In four experiments, participants named target pictures that were accompanied by distractor pictures with phonologically related or unrelated names. Across experiments, the type of phonological relationship between the targets and the related distractors was varied: They were homophones (e.g., bat [animal/baseball]), or they shared word-initial segments (e.g., dog-doll) or word-final segments (e.g., ball-wall). The participants either named the objects after an extensive familiarization and practice phase or without any familiarization or practice. In all of the experiments, the mean target-naming latency was shorter in the related than in the unrelated condition, demonstrating that the phonological form of the name of the distractor picture became activated. These results are best explained within a cascaded model of lexical access--that is, under the assumption that the recognition of an object leads to the activation of its name.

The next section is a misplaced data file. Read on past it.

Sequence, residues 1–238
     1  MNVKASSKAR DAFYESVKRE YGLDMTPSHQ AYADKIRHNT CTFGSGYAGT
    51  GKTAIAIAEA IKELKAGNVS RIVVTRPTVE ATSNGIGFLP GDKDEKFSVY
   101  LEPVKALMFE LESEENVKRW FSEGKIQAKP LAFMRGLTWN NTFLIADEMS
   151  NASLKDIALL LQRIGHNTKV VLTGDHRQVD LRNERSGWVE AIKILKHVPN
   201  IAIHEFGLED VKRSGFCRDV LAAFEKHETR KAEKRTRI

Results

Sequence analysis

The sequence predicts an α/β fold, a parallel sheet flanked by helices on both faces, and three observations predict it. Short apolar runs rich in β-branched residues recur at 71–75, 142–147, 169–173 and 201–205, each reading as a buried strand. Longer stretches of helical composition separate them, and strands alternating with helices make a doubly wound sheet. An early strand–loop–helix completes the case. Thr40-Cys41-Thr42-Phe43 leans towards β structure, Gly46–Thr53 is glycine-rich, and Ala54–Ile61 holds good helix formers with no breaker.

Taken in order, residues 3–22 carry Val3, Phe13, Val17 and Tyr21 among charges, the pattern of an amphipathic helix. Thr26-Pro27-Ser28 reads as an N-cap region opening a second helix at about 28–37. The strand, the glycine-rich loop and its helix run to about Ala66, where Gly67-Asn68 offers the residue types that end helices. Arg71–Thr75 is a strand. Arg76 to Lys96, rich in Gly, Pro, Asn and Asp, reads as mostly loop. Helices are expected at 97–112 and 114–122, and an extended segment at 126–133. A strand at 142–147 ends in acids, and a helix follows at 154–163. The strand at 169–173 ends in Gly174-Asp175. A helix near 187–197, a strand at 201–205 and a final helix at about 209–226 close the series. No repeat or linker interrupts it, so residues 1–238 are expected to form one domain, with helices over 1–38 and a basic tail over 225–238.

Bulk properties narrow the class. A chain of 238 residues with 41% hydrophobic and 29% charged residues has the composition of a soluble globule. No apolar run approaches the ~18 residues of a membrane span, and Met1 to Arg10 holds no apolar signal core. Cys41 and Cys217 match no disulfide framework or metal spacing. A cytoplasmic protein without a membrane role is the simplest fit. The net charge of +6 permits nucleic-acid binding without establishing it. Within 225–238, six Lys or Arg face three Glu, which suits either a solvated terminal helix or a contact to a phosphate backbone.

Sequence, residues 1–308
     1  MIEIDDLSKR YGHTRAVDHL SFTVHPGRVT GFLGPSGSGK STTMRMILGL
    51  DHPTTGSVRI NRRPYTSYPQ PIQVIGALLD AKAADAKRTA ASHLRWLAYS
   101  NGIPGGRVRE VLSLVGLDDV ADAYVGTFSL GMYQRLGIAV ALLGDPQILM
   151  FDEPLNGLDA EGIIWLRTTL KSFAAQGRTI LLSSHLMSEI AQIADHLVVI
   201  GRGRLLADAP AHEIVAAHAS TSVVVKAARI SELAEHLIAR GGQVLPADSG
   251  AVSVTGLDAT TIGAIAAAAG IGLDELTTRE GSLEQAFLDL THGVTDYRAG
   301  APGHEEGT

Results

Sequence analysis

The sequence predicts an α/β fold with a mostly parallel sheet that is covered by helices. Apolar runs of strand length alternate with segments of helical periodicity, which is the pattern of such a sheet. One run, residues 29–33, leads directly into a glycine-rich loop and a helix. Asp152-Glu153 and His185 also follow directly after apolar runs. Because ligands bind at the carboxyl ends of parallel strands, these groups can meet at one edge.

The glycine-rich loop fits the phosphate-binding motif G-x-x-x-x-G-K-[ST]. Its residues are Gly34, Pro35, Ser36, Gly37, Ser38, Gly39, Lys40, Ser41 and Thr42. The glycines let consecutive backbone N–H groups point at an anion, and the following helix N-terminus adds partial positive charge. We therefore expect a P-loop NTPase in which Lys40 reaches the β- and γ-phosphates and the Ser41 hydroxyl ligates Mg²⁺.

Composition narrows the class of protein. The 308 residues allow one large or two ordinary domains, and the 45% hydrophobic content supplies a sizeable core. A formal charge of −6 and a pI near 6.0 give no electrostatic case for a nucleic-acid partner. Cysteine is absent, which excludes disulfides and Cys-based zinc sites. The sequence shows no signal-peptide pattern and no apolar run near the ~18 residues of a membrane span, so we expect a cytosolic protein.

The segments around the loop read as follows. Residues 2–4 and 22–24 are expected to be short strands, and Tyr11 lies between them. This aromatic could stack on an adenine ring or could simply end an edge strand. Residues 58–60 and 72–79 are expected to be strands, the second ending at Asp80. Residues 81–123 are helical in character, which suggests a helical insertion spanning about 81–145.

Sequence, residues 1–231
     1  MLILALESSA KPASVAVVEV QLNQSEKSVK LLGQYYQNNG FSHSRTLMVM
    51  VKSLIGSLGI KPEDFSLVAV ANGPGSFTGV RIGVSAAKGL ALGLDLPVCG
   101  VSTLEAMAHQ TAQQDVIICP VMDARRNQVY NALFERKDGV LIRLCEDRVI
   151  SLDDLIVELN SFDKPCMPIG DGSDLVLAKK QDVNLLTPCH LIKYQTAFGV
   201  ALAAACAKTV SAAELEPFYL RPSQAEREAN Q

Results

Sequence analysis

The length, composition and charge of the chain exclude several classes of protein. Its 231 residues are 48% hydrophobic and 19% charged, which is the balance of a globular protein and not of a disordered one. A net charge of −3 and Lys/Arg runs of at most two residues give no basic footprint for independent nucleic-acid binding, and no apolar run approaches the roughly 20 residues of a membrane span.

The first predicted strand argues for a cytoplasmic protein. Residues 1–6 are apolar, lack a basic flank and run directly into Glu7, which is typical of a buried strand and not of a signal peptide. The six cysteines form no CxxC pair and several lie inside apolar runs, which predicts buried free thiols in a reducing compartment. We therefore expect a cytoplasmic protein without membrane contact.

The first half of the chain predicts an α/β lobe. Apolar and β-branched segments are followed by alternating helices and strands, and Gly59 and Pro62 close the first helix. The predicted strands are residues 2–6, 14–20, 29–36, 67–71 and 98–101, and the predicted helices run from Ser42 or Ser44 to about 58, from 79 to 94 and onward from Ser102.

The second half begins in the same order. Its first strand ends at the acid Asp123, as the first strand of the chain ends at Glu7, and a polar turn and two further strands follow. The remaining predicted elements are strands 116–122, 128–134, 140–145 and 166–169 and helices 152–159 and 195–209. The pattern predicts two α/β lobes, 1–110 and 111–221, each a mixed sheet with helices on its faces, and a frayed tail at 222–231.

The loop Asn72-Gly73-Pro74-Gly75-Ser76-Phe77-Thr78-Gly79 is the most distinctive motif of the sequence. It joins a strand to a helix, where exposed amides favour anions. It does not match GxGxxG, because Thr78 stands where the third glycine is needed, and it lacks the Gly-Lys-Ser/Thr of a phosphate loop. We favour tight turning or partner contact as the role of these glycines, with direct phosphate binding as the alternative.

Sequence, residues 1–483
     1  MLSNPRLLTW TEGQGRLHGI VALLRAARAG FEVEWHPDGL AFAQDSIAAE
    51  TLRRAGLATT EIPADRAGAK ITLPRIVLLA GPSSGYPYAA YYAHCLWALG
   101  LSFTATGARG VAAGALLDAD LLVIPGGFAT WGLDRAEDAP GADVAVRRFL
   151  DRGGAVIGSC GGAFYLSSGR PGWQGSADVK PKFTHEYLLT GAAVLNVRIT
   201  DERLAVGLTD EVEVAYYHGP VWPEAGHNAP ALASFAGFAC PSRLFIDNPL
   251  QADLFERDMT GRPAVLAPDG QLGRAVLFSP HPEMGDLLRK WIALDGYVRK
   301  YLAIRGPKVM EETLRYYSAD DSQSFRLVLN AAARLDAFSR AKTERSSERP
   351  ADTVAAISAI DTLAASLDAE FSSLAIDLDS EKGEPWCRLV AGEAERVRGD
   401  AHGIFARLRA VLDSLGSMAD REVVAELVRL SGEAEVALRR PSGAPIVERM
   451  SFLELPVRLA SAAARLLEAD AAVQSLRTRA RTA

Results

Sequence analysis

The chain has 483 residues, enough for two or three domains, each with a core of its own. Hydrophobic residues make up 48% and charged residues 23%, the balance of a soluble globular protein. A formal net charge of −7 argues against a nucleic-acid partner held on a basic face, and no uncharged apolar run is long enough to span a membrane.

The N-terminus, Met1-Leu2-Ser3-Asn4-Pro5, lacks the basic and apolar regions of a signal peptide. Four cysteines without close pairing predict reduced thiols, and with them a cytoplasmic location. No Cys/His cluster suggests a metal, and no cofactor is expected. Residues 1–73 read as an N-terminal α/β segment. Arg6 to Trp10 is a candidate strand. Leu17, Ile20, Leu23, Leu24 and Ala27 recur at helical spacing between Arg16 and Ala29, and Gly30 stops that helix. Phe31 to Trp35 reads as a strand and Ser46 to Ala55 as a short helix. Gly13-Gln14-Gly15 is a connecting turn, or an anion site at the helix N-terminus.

|Number of pages||10|
|Journal||Memory and Cognition|
|Publication status||Published - 1 Jan 2007|